Turkey could save up to $21 billion in import costs with the future development of its giant Tuna-1 gas discovery, according to an analysis by Rystad Energy.
The actual savings depend on the field’s peak output, which remains to be determined pending appraisal drilling and further testing. They could be even higher as global gas prices and import costs are expected to rise in coming years, Kallanish Energy learns.
According to Sindre Knutsson, Rystad’s vice president Gas Markets, the estimate is based on peak production range of 2.5 and 20 billion cubic meters (Bcm). The lower end reflects a more cautious approach, while the higher end would be a far more bullish outcome.
Turkey estimates initial gas reserve volumes of around 320 Bcm, but the size of recoverable reserves is still uncertain.
Under its analysis, Rystad estimated breakeven price for the field around $3-3.50 per million British thermal units (MmBtu). This is lower than the estimated $4.70/MmBtu price of imported liquefied natural gas in Turkey, proving to be an economical choice.
The recently made discovery offshore the Black Sea couldn’t have come at a better time, noted Knutsson. That’s because around 24 Bcm or 40% of the Turkish gas contracted volumes are due to expire in 2020-2021.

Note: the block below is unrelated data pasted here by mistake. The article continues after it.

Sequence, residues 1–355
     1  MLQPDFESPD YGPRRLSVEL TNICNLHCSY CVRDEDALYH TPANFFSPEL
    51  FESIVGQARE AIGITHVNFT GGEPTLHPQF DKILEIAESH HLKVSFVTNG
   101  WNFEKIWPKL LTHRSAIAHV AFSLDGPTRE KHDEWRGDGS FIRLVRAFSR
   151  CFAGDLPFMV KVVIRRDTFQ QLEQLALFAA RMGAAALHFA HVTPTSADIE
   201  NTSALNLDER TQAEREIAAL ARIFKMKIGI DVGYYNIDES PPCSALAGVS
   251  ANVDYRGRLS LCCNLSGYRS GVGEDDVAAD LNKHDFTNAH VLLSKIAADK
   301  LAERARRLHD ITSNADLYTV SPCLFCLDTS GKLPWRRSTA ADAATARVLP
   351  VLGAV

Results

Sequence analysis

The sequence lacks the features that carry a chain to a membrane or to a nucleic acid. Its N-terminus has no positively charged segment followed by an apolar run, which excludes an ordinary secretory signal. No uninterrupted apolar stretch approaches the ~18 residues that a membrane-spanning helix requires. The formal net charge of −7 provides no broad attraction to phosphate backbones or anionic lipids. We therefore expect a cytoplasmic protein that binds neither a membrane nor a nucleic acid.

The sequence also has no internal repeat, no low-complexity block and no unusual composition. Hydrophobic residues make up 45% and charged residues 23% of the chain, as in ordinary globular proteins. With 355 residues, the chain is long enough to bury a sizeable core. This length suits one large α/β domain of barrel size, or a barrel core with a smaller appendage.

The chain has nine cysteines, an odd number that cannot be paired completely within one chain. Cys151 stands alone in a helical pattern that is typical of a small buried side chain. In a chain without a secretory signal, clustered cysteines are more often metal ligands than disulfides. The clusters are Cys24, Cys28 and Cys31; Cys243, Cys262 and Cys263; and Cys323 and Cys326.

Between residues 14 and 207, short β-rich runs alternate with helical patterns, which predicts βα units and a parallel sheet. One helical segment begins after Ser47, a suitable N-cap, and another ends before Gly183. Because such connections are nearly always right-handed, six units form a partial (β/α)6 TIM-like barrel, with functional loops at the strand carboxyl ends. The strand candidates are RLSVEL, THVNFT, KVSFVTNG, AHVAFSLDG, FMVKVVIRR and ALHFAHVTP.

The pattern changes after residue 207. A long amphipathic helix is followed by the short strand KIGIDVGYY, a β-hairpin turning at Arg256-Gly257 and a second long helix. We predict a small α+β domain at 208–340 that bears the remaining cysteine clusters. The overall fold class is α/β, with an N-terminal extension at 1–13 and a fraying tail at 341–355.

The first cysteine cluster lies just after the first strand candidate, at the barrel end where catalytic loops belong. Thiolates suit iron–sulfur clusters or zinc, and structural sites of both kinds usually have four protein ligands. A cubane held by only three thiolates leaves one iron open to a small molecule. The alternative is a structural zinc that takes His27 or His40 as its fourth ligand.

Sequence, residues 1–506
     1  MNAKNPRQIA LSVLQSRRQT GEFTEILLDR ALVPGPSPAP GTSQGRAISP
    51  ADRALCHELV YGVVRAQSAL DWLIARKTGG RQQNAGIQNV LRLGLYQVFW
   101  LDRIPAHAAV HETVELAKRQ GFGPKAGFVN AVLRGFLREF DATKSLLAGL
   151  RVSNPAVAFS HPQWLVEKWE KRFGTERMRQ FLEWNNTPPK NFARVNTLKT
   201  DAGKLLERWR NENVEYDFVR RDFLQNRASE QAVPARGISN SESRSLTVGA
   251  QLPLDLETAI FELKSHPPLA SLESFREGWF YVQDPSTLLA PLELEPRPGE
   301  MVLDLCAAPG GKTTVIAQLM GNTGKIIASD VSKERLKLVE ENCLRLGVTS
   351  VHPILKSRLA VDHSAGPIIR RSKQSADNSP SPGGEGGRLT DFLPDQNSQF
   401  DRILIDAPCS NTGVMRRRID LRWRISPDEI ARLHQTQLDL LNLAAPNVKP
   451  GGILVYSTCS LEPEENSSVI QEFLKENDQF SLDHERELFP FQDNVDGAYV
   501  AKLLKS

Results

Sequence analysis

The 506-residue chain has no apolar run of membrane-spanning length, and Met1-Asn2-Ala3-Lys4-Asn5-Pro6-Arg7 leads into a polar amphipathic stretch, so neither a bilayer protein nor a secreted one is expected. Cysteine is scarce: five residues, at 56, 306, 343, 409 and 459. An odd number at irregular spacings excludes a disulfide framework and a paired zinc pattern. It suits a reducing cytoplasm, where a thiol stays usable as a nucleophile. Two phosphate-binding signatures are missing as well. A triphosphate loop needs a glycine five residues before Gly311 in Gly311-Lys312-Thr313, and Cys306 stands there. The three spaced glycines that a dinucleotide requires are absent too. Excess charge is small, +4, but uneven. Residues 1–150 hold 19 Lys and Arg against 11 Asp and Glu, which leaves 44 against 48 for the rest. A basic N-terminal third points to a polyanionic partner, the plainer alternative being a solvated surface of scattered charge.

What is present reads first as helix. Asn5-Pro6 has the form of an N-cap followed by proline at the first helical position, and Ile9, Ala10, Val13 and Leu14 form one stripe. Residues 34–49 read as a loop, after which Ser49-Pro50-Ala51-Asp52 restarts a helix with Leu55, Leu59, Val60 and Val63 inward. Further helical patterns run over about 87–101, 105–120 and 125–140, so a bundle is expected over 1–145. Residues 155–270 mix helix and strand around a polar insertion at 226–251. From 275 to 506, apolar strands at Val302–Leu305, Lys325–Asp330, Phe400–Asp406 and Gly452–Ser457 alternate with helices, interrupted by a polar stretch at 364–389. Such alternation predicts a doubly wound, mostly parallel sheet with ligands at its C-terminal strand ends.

“Turkey’s newfound hope that low-cost discoveries are feasible will no doubt pave the way for further exploration programs,” he said. “The government seems to have grasped the strategic importance of this breakthrough, as demonstrated by its decision to send no fewer than five war ships to escort the seismic vessel Oruc Reis through the Mediterranean Sea.”
Whether or not the Middle Eastern country successfully develops the resources, the discovery gives Turkish gas buyers some sort of bargaining power. Rystad expect buyers to be keen to move away from oil-indexed contracts and instead use a European price benchmark, such as TTF, in their new deals.
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